Writing yesterday in the New York Times, columnist Michelle Goldberg exemplifies how not to opine on politics if you wish to be taken seriously by any significant percentage of your readers.
“What to Do With Tara Reade’s Allegation Against Joe Biden?” is the title of her most recent column, and the subheading: “A sexual assault accusation against the presumptive Democratic nominee is being used to troll the #MeToo movement.”
Contrast this tone with the one Goldberg employed in 2018 when writing in response to sexual-misconduct allegations against Supreme Court nominee Brett Kavanaugh. The title of that column? “Pigs All the Way Down,” and the subtitle: “Kavanaugh and our rotten ruling class.”
Goldberg opened that September 2018 screed by recounting Deborah Ramirez’s allegation against Kavanaugh and, to her credit, noting that the New Yorker had failed to find a single eyewitness to corroborate the claim. But that fact made little difference to Goldberg.
“Regardless of what happens to Kavanaugh, however, this scandal has given us an X-ray view of the rotten foundations of elite male power,” she wrote. “Despite Donald Trump’s populist posturing, there are few people more obsessed with Ivy League credentials. Kavanaugh’s nomination shows how sick the cultures that produce those credentials — and thus our ruling class — can be.”
She went on to describe Kavanaugh’s high school, Georgetown Prep, as “a bastion of heedless male entitlement” and to note his involvement in a fraternity and a secret society as evidence of his participation in a “piggish milieu.” She also mentioned his time clerking for appeals court judge Alex Kozinski, who later resigned after multiple accusations of sexual harassment. The insinuation of this litany is obvious: If not in fact guilty of what his accusers alleged — a possibility Goldberg declined to mention, despite the overwhelming lack of credible evidence — Kavanaugh was at least guilty by association.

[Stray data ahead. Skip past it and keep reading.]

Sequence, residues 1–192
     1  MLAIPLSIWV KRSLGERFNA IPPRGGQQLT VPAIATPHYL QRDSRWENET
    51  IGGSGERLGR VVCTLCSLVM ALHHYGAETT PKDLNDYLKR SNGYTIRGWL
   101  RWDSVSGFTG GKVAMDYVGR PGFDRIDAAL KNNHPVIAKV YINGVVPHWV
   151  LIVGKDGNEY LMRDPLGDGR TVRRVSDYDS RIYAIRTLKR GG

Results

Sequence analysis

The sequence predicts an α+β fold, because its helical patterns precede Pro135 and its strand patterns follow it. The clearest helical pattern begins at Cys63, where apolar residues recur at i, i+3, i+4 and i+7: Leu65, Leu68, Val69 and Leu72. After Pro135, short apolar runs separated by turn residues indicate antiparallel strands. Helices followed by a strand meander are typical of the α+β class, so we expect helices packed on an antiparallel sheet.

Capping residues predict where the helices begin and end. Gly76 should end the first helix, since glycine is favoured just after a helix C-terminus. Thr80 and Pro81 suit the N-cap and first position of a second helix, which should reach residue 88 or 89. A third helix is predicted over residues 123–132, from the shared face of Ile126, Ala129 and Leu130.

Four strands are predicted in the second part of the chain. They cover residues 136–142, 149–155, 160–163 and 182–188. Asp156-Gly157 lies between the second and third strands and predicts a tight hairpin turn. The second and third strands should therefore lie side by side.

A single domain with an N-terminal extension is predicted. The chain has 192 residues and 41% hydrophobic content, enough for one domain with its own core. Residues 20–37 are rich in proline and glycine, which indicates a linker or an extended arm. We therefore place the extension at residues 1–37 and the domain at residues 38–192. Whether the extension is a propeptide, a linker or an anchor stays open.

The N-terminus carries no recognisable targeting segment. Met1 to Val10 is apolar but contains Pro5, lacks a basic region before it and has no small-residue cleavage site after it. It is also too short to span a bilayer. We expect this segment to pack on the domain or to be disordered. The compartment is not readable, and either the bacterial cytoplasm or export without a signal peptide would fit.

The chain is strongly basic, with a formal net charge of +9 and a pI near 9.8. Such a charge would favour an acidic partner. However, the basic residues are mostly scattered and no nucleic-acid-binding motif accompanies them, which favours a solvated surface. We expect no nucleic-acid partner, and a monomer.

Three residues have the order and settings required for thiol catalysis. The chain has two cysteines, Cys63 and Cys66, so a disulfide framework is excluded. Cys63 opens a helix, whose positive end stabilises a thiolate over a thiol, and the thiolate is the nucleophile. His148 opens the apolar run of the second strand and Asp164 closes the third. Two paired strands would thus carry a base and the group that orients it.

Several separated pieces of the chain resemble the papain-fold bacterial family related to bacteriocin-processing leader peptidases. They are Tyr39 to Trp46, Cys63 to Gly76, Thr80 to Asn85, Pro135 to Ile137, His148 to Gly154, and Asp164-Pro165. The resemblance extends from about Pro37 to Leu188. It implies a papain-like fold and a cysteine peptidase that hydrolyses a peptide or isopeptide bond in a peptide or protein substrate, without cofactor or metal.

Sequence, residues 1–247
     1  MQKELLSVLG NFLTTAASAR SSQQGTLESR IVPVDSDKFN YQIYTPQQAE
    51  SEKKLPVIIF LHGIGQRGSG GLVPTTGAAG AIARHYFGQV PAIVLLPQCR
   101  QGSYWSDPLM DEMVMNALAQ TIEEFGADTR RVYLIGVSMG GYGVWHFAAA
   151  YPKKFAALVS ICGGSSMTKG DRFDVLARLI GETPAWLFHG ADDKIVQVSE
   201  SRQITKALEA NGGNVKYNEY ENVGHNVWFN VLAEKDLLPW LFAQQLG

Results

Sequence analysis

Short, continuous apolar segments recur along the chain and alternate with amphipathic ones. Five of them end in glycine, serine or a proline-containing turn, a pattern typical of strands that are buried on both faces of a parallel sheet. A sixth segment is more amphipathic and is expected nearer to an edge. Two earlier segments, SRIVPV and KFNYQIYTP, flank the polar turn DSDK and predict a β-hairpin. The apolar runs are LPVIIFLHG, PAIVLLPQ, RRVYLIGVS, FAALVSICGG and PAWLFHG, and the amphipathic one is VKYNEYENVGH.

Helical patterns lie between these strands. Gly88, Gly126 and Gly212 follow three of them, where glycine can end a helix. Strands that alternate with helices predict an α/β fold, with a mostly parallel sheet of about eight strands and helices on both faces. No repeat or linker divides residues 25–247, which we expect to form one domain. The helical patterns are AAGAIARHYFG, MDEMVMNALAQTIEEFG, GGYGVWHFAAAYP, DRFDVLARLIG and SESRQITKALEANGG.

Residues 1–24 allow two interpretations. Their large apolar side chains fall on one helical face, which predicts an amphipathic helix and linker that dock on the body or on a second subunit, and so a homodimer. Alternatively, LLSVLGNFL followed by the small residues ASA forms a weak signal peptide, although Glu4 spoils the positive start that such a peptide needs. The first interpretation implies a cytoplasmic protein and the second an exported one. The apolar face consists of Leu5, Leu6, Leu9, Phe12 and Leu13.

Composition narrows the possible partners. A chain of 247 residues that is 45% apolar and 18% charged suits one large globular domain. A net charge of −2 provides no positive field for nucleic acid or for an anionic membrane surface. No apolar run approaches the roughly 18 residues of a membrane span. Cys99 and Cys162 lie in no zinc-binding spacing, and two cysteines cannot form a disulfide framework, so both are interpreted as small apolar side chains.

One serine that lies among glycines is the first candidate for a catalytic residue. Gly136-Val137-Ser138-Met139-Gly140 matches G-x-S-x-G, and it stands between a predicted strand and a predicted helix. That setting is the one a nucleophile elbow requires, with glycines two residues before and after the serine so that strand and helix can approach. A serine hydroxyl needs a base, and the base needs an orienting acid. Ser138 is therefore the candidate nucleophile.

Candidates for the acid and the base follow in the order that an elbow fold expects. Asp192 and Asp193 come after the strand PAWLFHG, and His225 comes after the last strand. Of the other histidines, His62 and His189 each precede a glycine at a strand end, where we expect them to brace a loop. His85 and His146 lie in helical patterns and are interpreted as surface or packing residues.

But in her latest column, considering Tara Reade’s recent sexual-assault allegations against Joe Biden, Goldberg is markedly less strident. “Must Democrats, for the sake of consistency, regard their presumptive presidential nominee as a sexual predator?” she asks. Her answer is, in essence, of course not.
“No one, looking at what’s been reported about Reade and Biden, can claim to have more than a hunch about what happened,” she writes, a far cry from how she wrote about Kavanaugh with far less evidence to go on.
Goldberg takes great pains to detail Reade’s “wacky political views,” saying Biden’s accuser “seems almost engineered in a lab to inspire skepticism in mainstream Democrats.” Though she permits that the accusation might be true regardless, her column is far more concerned with defending Democrats from the Republican charge of hypocrisy.
“If [Kavanaugh accuser Christine Blasey Ford] had been so inconsistent in telling her story, feminists might still have believed her, but they likely wouldn’t have made her a cause célèbre, and Democrats on Capitol Hill never would have invited her to testify publicly,” Goldberg says.
This is perhaps the weakest moment in an otherwise weak column — she ignores, as does anyone who persists in believing the anti-Kavanaugh narrative, that there was never a single piece of evidence that Blasey Ford and Kavanaugh even met or were in the same place on the night in question, let alone that he assaulted her. Reade, by contrast, evidently knew Biden because she worked for him. Unlike Blasey Ford, she told at least one friend at the time that Biden had assaulted her.
It is perfectly legitimate, and in fact necessary, to investigate Reade’s story for the sake of finding the truth. Conservatives would be wrong to wield against Biden the same unfair standard that Democrats used against Kavanaugh. But with this column, Goldberg has joined her employer in giving their political ally a free pass after using accusations with far less merit to denigrate a political opponent.
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